Some politicians want the Bank of Japan to print money to buy all these bonds. That's a scary idea, since years of wasteful public-works spending have already driven up Japan's gross debt level to 110% of gross national product. It could reach 140% by 2002. This estimate doesn't even factor in the latest bank bailout plan or billions in off-balance-sheet loans and pension shortfalls. "The real millennial time bomb will be the collapse of Japanese government finances," warns David Asher, a Japan research fellow at Massachusetts Institute of Technology.
OFF THE TABLE. To understand why, you need to deconstruct the quality of Japanese assets abroad and its obligations at home. It's true that Japan holds $1 trillion in net assets overseas, and theoretically, it could bring that money home to shore up the system. Yet roughly $800 billion of that is owned by companies in the form of private direct investment, such as real estate, factories, and securities. Much of that money is off the table. The government can't really ask Toyota Motor Corp. to sell off a truck plant in Indiana and invest the proceeds in Japanese government bonds. And a big chunk of this money is sunk into factories in Asia. These plants have lost much, if not most, of their value, and some of the loans backing them have gone bad.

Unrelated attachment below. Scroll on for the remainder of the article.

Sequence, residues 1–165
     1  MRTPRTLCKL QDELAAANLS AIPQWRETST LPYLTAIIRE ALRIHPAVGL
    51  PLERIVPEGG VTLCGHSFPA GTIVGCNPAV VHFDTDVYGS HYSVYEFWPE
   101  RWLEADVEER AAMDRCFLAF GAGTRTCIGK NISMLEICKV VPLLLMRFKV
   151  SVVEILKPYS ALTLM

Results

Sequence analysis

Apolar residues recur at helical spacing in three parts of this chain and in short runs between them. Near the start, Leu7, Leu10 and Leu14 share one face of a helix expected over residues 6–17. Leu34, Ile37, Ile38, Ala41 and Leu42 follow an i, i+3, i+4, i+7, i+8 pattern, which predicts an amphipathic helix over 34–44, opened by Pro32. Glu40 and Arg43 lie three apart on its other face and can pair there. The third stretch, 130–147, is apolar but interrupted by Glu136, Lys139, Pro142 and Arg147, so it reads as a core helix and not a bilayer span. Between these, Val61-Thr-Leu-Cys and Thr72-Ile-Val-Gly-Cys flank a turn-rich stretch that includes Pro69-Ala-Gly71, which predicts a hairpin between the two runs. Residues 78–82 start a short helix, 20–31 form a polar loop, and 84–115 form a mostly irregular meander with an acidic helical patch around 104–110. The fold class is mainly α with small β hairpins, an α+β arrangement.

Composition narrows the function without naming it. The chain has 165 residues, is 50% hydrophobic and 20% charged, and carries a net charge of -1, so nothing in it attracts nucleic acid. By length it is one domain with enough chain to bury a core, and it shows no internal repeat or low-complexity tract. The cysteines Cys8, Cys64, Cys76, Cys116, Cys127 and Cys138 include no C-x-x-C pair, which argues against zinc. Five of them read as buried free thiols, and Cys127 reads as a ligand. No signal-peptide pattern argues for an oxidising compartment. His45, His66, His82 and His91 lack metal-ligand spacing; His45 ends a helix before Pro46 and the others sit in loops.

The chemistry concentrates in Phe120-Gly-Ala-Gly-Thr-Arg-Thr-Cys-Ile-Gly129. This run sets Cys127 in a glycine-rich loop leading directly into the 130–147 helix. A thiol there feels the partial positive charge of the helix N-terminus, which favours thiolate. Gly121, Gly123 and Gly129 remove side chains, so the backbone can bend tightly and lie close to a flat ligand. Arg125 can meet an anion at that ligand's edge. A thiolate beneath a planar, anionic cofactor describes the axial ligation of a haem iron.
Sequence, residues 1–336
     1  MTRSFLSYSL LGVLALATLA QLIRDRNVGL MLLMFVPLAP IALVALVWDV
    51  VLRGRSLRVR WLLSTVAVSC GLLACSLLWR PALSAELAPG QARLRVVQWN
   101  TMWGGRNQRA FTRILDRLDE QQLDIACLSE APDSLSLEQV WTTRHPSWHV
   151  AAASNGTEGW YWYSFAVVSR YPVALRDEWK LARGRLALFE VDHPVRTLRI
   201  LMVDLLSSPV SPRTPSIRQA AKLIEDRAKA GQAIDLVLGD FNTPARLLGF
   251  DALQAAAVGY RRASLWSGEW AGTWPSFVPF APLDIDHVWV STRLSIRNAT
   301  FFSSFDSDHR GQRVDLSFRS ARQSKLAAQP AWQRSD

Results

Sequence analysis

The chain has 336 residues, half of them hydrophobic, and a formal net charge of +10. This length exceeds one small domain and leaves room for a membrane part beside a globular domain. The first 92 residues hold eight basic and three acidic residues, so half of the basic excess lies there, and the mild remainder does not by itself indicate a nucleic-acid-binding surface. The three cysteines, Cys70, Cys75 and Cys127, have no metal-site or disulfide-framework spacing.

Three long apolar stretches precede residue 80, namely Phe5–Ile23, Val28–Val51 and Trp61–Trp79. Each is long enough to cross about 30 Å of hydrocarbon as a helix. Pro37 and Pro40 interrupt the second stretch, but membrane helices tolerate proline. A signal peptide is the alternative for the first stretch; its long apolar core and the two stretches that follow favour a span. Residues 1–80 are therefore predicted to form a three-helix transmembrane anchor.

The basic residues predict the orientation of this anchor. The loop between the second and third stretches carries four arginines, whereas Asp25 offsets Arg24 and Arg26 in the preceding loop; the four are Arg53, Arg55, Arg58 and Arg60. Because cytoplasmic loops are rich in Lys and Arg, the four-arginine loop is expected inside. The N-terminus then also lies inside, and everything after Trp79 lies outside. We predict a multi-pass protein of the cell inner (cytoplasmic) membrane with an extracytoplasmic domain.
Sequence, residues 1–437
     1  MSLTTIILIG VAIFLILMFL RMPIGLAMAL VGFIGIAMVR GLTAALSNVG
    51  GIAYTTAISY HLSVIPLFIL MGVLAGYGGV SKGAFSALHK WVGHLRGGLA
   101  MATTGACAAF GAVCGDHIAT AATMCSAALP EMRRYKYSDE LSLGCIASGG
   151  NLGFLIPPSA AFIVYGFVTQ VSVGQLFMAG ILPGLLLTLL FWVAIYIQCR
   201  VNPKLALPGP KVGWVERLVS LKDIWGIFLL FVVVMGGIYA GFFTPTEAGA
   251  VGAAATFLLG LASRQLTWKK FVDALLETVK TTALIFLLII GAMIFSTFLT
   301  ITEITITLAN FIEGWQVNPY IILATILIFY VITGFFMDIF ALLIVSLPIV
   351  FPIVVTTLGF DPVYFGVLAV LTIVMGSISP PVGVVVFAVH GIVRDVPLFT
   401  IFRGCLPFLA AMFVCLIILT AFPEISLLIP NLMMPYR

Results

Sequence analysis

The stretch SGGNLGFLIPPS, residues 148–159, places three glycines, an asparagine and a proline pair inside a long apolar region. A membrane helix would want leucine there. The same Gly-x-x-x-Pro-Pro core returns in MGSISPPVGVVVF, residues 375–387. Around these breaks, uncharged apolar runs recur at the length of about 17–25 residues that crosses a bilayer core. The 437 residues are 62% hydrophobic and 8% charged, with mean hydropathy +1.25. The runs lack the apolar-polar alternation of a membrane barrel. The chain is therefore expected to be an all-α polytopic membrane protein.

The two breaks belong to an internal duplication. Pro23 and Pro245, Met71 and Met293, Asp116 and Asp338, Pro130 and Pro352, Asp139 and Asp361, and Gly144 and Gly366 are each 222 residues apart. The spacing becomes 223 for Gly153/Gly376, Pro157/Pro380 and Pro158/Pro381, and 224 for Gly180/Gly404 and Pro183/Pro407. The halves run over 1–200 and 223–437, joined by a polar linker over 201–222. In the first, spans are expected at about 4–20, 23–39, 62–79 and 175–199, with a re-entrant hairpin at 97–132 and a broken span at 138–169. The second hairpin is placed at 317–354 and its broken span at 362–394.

Meanwhile, the balance of some $220 billion represents the Bank of Japan's foreign-exchange reserves, most of it parked in U.S. Treasuries. Yet BOJ needs these dollar reserves as ammo in its periodic fights to influence the strength of the yen. The upshot is that Japan's overseas assets will be of little use as the funding crisis grows at home. That wealth only gives a false sense of security and lets authorities put off the "massive economic restructuring" the nation desperately needs, says Bert Ely, a monetary specialist in Arlington, Va.
The other pots of money in Japan can't help bail out the system, either. MOF's Fiscal Investment & Loan Program, or Zaito, has historically recycled some of the $3 trillion in postal savings into the government bond market. Now, that money is already earmarked for emergency loans to the corporate sector and won't be available for the bonds the government desperately needs to sell. Nissan received a $730 million loan from the Japan Development Bank, which usually lends to small companies. Overall, the government has set aside $46 billion for loans and loan guarantees that JDB and other quasi-public financial institutions will provide to Corporate Japan. MOF wants to steer an additional $17 billion of Zaito funds to small companies starved for credit.
Worse, some $1 trillion worth of the postal savings is parked in long-term certificates earning 5% on average. Those certificates expire soon. Because deposit rates have fallen to 1% since 1995, "maybe half of that will be withdrawn," frets one senior official in MOF's financial bureau. That means authorities will have much less money to throw at troubled banks and companies.